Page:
It may seem that there are few policy areas where Democrats and Republicans are more divided than immigration. After all, while former President Trump let xenophobia and cruelty toward migrants drive his policy decisions, President Joe Biden has promised to implement policies that “promote integration, inclusion, and citizenship” and “embrace the full participation of the newest Americans in our democracy.” And yet the chasm in tone has not yet been replicated in many areas of substance.
For example, while the Biden administration has done a lot to expand the capacity of the Office of Refugee Resettlement to reduce the number of unaccompanied migrants under Border Patrol custody, it has also kept the border closed under Title 42, which closes the border to “nonessential” travel for public health purposes, turning away families and individuals (even those applying for asylum). It has also continued the use of immigration detention, and has in fact overseen a rise in the number of detainees since March. Finally, Biden plans to continue the militarization of the border as shown by his administration’s $1.2 billion request for border infrastructure (compared with, for example, only $345 million for U.S. Citizenship and Immigration Services to clear naturalization and asylum backlogs).
It is in this context that we must look at Vice President Kamala Harris’ trip to Guatemala and Mexico earlier this week. Harris’ first international trip emphasized the administration’s aspirations to attend to the “root causes” of migration. In Guatemala, Harris announced that the U.S. will support an anti-corruption panel that Guatemalan President Alejandro Giammattei has maligned. Meanwhile, in Mexico, she and President Andres Manuel Lopez Obrador announced plans to collaborate on security and quell Central American migration through development, new U.S. investments in Mexican agriculture, and aid to implement new Mexican labor laws.
However, in the U.S., those substantive agreements were overshadowed by Harris’ comments in Guatemala, where she starkly told would-be migrants: “do not come.” Naturally, the line was widely criticized by policymakers and immigrants’ rights groups, who rightly saw it as a violation of U.S. commitments to asylum-seekers and a 180 on many of the Biden team’s campaign promises. Furthermore, as many pointed out on social media, it took quite a lot of chutzpah for a U.S. government official to tell Central Americans fleeing danger or deprivation not to come to the U.S., when the country is at least partly responsible for creating the conditions of violence and deprivation in the first place.
White House press secretary Jen Psaki later clarified that Harris was merely trying to protect migrants from making the dangerous journey. However, that journey is dangerous in large part because the U.S. has militarized the border and forced migrants into the shadows. If the concern was the dangerous journey, that could be solved by easing migration restrictions and demilitarizing the border.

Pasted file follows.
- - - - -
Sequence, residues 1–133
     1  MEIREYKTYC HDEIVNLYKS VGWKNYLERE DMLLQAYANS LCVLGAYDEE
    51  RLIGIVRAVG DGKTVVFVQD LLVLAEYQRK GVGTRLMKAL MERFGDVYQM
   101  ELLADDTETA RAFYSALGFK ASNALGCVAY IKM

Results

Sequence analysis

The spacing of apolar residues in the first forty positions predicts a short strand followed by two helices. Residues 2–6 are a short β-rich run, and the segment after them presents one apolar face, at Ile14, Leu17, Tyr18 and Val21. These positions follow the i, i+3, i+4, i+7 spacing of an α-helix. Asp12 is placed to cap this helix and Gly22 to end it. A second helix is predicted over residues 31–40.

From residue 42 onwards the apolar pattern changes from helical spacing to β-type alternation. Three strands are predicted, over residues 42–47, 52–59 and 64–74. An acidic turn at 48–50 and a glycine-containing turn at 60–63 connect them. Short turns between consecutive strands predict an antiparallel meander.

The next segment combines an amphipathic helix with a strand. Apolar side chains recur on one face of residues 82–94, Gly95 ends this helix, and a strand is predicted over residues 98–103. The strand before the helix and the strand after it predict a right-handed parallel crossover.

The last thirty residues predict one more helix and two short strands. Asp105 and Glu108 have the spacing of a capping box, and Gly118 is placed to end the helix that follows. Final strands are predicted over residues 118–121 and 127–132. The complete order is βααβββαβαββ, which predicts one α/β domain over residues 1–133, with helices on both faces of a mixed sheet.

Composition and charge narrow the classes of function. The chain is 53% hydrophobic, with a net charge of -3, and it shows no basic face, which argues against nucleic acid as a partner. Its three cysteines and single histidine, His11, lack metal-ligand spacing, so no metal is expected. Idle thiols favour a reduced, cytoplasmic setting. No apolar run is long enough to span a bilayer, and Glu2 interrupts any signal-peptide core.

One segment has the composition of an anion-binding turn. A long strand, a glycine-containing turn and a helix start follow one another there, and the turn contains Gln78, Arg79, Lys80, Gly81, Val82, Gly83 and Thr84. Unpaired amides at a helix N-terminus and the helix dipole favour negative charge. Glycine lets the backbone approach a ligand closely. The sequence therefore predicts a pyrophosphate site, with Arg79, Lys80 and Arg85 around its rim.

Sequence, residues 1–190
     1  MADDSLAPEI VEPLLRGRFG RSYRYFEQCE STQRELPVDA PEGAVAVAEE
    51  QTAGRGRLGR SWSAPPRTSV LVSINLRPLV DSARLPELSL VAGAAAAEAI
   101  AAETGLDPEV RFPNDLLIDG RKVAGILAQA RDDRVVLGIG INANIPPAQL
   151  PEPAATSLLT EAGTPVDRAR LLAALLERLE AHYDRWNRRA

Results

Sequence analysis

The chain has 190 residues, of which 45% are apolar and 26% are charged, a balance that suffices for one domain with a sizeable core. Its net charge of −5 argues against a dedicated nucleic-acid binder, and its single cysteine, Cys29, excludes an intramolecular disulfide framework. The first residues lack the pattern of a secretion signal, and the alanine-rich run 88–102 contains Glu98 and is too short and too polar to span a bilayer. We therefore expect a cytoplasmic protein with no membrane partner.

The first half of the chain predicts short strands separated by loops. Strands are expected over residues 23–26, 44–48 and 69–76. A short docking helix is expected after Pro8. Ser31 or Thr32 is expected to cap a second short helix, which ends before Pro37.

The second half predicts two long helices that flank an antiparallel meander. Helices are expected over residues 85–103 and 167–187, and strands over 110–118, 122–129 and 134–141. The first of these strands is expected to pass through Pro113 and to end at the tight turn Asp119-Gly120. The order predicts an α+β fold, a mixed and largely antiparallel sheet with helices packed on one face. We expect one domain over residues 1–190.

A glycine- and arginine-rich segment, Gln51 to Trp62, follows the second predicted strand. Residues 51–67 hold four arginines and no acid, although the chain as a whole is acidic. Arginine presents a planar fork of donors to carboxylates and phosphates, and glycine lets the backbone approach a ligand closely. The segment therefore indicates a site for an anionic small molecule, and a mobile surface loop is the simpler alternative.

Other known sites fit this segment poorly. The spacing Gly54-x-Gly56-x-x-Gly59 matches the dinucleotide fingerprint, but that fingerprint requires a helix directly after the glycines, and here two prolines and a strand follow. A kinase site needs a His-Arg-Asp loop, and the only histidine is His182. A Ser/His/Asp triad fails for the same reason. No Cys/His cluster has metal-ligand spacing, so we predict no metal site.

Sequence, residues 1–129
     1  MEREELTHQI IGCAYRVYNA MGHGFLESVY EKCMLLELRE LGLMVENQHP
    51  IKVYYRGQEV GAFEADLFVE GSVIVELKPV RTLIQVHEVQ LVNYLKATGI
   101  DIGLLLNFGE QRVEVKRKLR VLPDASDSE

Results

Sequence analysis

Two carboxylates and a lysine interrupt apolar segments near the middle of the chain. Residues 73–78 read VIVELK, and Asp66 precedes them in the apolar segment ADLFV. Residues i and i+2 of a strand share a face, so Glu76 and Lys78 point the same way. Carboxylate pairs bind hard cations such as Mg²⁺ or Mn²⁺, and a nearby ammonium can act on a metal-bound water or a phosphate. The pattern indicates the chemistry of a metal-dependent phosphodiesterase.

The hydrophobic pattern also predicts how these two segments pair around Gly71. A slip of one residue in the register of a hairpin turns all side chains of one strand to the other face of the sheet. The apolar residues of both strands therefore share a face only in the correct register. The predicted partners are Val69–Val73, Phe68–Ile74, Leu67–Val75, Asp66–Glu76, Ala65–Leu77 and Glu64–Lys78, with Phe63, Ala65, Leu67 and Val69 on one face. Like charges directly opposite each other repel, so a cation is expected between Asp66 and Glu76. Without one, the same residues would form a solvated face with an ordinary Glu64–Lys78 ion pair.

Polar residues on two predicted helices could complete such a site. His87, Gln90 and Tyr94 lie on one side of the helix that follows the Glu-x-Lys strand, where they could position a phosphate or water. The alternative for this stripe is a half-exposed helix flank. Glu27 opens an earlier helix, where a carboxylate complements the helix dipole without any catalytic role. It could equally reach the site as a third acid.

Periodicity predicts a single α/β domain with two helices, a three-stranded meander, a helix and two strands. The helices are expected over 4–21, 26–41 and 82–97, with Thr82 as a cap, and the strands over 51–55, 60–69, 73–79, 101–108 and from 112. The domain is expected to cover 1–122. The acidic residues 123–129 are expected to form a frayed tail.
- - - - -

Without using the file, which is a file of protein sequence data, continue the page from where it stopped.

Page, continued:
Beyond their hypocrisy or gall, Harris’ comments are troubling because they signal another way in which the Biden administration is engaging in immigration policy continuity. Although, to be fair to Trump, telling people not to come did not start with his administration but with President Bill Clinton’s policy of “Prevention Through Deterrence.” Back then, the U.S. government made it harder to cross to the U.S. through more urban ports of entry in the hopes that migrants would be dissuaded from coming by the much more dangerous routes they would have to take. Judging by the fact that migration continued (and reached its historic peaks in the early 2000s), this policy failed on its own terms; judging by the fact that it led to the deaths of at least 7,800 migrants, it was also a moral failure.
Since then, different administrations have sought to deter migrants from coming through different means, whether expanding the use of immigration detention or funding the militarization of Mexico’s southern border. Simply telling migrants not to come is not the same as purposefully making migration more dangerous, but it is motivated by the impulse. However, all the evidence available shows that deterrence doesn’t work. Given the fact that most people are coming because they are escaping violence or economic deprivation, how could marginally increasing the cost of migration change their decision?
Harris’ comments are also a political failure. She is conceding to the administration’s critics that the U.S. cannot receive more migrants, even asylum-seekers. This is dangerous because it makes it harder to make the case for increasing paths to legal immigration. Yet, as economist Michael Clemens has argued, one of the root causes of irregular migration is U.S. restrictive immigration laws, because people will migrate regardless of what legal channels exist for doing so. Lacking regular and open paths to come here makes it all but certain that those who want to come will do so without legal authorization. Increasing paths for legal immigration will only be achieved if the Biden administration stops framing immigration as a problem. No longer telling people not to come is a good way of moving in that direction. Providing more ways for them to come safely and legally would be an even better one.